A closer look at the bugs that are beneficial to your garden - East Idaho News

A closer look at the bugs that are beneficial to your garden

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Most people call small creatures with many legs bugs.

In the entomology world, the insects in the order Hemiptera are called “true bugs”. True bugs have piercing-sucking mouthparts and many of them are considered plant pests. Some, like the box elder bug and the elm seed bug, are more of a nuisance. Most are innocuous. Many others use their piercing-sucking mouthparts to feed on other insects.

RELATED | These types of beetles are beneficial in your yard or garden

True bugs have an incomplete metamorphosis, so the babies look much like the parents and are called nymphs. The wings, which don’t appear until they reach the final stage, cross over the back, often creating a triangle right behind the thorax.

Here are some of my favorite true bugs.

Ambush bug

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The Ambush bug mouthparts are tucked up under the thorax and the raptor-like legs are used to grasp prey. | Ron Patterson, EastIdahoNews.com

As the name implies, the ambush bug nymphs and adults lie in wait for their prey. The dagger-like mouthpart injects a lethal toxin into a wide variety of soft-bodied insects such as aphids, caterpillars, thrips and small plant bugs, killing them within seconds. They will often kill more prey than they need to consume. As generalist predators, they eat whatever they can catch, even other beneficial insects.

Big-eyed bug

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Big-eyed bug adult. | Courtesy Bradley Higbee, Paramount Farming, Bugwood.org.
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Big-eyed bug nymph. | Courtesy Bradley Higbee, Paramount Farming, Bugwood.org.

Adult and nymph big-eyed bugs feed on aphids, caterpillars, flea beetles, leafhoppers, psyllids, spider mites, thrips, whiteflies, and eggs and nymphs of plant bugs. These fast-moving predators actively seek out prey and are difficult to spot, but adults may consume 80 spider mites a day.

Campylomma bug

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Campylomma bug adult. | Courtesy Bradley Higbee, Paramount Farming, Bugwood.org.
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Campylomma bug nymph. | Courtesy Bradley Higbee, Paramount Farming, Bugwood.org.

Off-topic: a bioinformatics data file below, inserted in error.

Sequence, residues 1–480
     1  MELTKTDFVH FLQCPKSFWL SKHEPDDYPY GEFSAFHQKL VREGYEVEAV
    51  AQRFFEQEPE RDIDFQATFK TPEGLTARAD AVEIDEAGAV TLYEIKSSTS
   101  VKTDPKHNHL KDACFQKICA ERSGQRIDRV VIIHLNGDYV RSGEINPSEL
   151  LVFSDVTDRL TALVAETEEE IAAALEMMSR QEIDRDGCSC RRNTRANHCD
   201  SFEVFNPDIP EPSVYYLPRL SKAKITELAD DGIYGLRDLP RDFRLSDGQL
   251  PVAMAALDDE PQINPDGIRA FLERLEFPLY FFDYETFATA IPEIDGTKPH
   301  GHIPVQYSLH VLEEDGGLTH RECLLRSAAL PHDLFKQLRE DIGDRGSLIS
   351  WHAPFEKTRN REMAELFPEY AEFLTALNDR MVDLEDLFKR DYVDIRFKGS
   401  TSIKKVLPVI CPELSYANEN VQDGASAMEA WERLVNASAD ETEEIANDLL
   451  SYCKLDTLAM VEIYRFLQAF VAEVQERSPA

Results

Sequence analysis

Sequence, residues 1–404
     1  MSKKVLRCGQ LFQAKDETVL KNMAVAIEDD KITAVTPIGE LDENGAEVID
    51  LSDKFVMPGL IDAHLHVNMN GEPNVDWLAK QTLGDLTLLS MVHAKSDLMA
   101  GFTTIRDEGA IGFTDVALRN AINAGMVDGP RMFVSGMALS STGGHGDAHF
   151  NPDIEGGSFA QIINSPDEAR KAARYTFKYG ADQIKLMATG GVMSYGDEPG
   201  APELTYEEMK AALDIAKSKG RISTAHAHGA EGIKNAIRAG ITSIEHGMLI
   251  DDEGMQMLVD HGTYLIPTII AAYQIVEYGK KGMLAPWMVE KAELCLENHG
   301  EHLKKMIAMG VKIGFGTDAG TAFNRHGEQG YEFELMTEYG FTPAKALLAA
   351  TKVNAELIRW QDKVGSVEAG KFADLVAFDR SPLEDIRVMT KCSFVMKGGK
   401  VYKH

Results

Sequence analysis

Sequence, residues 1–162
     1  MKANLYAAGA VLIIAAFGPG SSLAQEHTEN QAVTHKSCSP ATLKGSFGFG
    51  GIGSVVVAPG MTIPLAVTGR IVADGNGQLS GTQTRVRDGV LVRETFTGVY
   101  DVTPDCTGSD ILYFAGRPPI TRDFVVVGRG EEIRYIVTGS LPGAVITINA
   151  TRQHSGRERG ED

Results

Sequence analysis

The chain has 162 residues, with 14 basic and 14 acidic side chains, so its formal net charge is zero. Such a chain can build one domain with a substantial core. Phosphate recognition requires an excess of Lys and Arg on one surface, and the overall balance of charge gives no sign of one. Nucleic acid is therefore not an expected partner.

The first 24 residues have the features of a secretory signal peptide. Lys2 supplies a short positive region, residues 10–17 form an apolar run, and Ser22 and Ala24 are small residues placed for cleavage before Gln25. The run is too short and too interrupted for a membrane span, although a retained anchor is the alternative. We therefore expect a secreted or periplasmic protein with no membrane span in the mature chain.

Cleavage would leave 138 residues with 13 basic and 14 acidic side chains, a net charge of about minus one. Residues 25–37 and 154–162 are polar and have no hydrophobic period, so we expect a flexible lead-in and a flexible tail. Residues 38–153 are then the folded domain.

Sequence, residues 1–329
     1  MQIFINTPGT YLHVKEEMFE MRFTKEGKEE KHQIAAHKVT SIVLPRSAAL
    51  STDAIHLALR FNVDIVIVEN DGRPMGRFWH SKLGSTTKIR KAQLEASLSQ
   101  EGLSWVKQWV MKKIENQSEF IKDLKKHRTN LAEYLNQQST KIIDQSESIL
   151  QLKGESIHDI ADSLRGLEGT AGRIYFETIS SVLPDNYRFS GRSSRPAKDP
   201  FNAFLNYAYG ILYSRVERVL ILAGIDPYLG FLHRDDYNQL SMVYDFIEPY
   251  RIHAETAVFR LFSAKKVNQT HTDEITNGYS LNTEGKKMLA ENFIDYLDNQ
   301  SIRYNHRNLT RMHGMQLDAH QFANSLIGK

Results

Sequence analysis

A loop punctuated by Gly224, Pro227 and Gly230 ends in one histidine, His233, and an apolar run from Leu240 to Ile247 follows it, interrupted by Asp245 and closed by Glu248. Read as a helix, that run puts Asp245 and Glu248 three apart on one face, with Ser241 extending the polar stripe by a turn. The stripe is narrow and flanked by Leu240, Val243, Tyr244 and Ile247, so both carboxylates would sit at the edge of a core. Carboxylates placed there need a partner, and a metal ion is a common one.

Campylomma bug adults and nymphs can be predaceous, but the nymph may also cause blister damage to apple and pear fruits. Prey for campylomma include aphids, leafhopper, pear psylla, spider mites, thrips, and other soft-bodied insects. Nymphs may be mistaken for aphids, but they lack the aphid “tailpipes”.

Damsel bug

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Damsel bug adult | Ron Patterson, EastIdahoNews.com
damsel Bug02
Damsel bug nymph | Courtesy Phil Sloderbeck, Kansas State University, Bugwood.org.

Adult and nymph damsel bugs feed on aphids, beetle larvae leafhoppers, caterpillars, moth eggs and other small insects. Research indicates they are more abundant in no-till systems.

Minute pirate bug

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Minute pirate bug adult | Ron Patterson, EastIdahoNews.com
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Minute pirate bug nymph | Ron Patterson, EastIdahoNews.com

Adult and nymph minute pirate bugs feed on thrips, spider mites, aphids, and insect eggs. They show up early in the spring and can consume up to 30 small insects per day. These predators are very tiny and may be overlooked. But they are very beneficial.

Conserve and encourage beneficial Hemiptera

  • Learn to differentiate between pest and beneficial insects.
  • Avoid using broad-spectrum insecticides.
  • Maintain a diverse, no-till planting area.
  • Plan for summer-long blooms to provide pollen and nectar.
  • Allow for some pests to attract the beneficial insects.
  • Plant cover crops.

When you scout your flower beds and gardens look for these good guys that will help with some of your pest issues.


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